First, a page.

SIGHT SEEING

ACAR, KOSOVA

SIGHT SEEING

MACAREL, PEOPLE CAMPING

SIGHT SEEING

Municipality of Foça

Gökhan DEMİRAĞ

Head of Mun.

812 1127

Municipality of Foça

Osman GÜRSEVEN

Vice Chairman

812 1127

Disrict Office of Tourism Foça

Harun KOÇOĞLU

Clerk

812 5534

Fokai Otel _ TUROFED

Mehmet İŞLER

Entrepreneur

532 6905318

EGE UNIV. Fishery Products

Mesut ÖNEN

Dean

3883225

EGE UNIV. Fishery Products

Alper DOĞAN

Asst. Prof

532 492 6250

EGE UNIV. Fishery Products

Tuncer KADAĞAN

Prof. Dr.

533 4859415

EGE UNIV. Fishery Products

Melih ÇINAR

Dr.

İzmir Development Agency

Ergüder CAN

Manager

82

Name

The socio-economic overview and analyses of new income generation activities at Turkish Aegean MPAs

489 8181


Table . Details Of Interviews FethiyeGöcek Stakeholders

KöyceğizDalyan

DatçaBozburun

Gökova

Muğla

Foça

Ayvalık Islands NP

Male Female Male Female Male Female Male Female Male Female Male Female Male Female

National parks

1

Min. Of Forestry (Orköy, etc) 1

1

Min. Of Agriculture

1

Min. Of Tourism

1

Universities

1

Villages

2

1

1

1

2

1

1 1

5 2

5

1

1

1

1

1

1

4

2

Beekepers Union

1

Tourism Unions

2

Fishery Unions

1

Municipalities

1

1

1

2

Chamber of commerce

1

1

Chamber of sea commerce

1

1

Public Education center

2

Agr. Cooperatives

2

1

Fishery Cooperatives

1

1

Boat Cooperatives

2

1

1

2

1

Development Agencies

1

NGOs

2

1

1

Private businesses

4

1

5

Farmers

1

Local people Site Rentals

1 2

2

2 2

2

1 1

1

5

8

2

2

1 1

1

2

1

2

1

1

1

1

1

Coast Guard

1

Harbour

1

Total

16

3

4

18

3

14

2

11

2

13

5

19

0

19

1

6 132

Strengthening the system of the Marine and Coastal Protected Areas of Turkey

83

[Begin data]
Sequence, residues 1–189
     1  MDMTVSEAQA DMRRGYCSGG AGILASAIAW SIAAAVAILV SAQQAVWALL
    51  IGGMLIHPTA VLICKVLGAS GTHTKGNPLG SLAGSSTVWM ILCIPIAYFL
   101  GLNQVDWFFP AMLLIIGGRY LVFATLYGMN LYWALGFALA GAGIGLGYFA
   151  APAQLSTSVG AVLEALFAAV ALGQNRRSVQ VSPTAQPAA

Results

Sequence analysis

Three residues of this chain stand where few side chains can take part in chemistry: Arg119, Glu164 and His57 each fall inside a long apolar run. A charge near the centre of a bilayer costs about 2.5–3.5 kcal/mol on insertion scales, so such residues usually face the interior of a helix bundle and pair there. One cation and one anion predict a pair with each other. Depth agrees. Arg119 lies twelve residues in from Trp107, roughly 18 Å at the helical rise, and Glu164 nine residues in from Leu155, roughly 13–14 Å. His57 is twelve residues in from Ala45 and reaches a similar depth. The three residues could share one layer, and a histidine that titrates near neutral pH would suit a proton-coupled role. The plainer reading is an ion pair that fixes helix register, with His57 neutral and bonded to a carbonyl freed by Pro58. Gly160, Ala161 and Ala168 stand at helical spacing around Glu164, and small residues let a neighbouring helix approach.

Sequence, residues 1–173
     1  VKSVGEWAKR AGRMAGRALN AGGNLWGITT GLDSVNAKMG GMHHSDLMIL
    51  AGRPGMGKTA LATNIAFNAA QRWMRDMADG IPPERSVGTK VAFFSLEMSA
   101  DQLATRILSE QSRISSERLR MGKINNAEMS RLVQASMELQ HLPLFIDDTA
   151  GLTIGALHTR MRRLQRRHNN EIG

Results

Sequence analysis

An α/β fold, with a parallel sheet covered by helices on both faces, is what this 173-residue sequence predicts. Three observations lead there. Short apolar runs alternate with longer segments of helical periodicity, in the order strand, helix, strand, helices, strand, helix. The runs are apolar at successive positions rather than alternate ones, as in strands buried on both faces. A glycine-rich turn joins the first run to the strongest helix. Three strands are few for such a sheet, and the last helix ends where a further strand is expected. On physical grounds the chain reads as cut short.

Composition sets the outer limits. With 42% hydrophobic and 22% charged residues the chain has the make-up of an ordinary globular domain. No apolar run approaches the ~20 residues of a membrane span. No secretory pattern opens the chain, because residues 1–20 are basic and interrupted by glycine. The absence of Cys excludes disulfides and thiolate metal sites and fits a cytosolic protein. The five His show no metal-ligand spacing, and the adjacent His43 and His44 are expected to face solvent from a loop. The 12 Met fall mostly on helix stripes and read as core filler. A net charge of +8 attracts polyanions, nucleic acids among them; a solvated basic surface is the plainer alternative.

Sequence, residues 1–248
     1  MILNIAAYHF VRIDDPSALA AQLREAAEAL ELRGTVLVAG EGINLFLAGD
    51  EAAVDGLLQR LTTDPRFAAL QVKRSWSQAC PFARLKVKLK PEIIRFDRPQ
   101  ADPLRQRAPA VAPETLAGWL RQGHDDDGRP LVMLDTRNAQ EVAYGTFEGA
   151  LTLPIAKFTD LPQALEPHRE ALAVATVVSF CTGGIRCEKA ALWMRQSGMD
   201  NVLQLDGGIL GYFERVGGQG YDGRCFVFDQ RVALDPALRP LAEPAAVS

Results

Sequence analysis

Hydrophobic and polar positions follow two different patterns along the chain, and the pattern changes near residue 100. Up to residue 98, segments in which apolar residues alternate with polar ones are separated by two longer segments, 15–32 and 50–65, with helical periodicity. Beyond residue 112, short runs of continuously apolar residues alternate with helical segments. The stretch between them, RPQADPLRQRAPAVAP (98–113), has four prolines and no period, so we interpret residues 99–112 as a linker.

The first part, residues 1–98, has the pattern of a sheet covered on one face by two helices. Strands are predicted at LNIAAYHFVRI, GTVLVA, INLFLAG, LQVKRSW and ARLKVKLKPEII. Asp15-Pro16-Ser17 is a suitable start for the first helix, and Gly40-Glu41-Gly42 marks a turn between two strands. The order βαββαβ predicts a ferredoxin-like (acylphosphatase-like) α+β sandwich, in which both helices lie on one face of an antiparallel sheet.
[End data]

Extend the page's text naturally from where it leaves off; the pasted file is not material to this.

APPENDIX II Long Term Development Plan Decisions for AyvalÄąk and its Islands:9 1. The pressure and negative influences brought by constructions within the settlements located within the boundries of natural park should be supervised-controlled and limited 2. The pressure brought by daily tourism activities performed within the boundaries of the nature park bring negative influence on the main sources of the nature park, therefore these activities performed within the nature park should be done according to a program 3. The damage & negative effects of aquaculture operating within the territorial waters of the nature park should be minimized-prevented with necessary arrangements 4. The asphalt roads within the boundaries of the nature park cause fast usage of motor vehicles. Necessary arrangements should be made on the roads to minimize the negative effects of these motorized vehicles used within the park 5. To prevent soil pollution caused by agricultural activities performed within the boundaries of the nature park, usage of chemical fertilizers and substances used against pests should be limited. 6. Summer homes and touristic facilities within the boundaries of the nature park should build biological treatment plants. 7. Churches, monasteries and historical architectural sites within the boundaries of the nature park suffer from deterioration and lack of maintenance therefore necessary steps should be taken to protect these values. 8. To protect and ensure sustainability of ecological and biological characteristics of the submarine biotas of the nature park necessary protective measures should be taken. 9. In order to protect the originality of naturel landscapes necessary measures should be taken. 10. Being one of the cultural resource values of the natural park, the traditional architectural style should be preserved and definitions of these traditional architectural structures should be applied to the new constructions to be built within the borders of the nature park. 11. Although it is outside of the boundaries of natural park, the main cause of water pollution within the nature park is the connection of gulf of AyvalÄąk and Cunda road. This connection road built by land filling causes circulation problem and shall be resolved. 12. Industrial enterprises polluting the Nikita creek should be prevented from giving their wastewater directly into creek. 13. The growing traffic of boat tours around islands should be taken under control. To preserve the underwater biota and prevent the pollution of the bay necessary steps should be taken. 14. Although it may seem for the summer period exceeds the carrying capacity of residential areas has caused water shortage : Carrying capacity should be evaluated in the Natural Park. 15. To avoid deterioration of the natural structure of the system, the prevention of inflow of foreign species is crucial. 9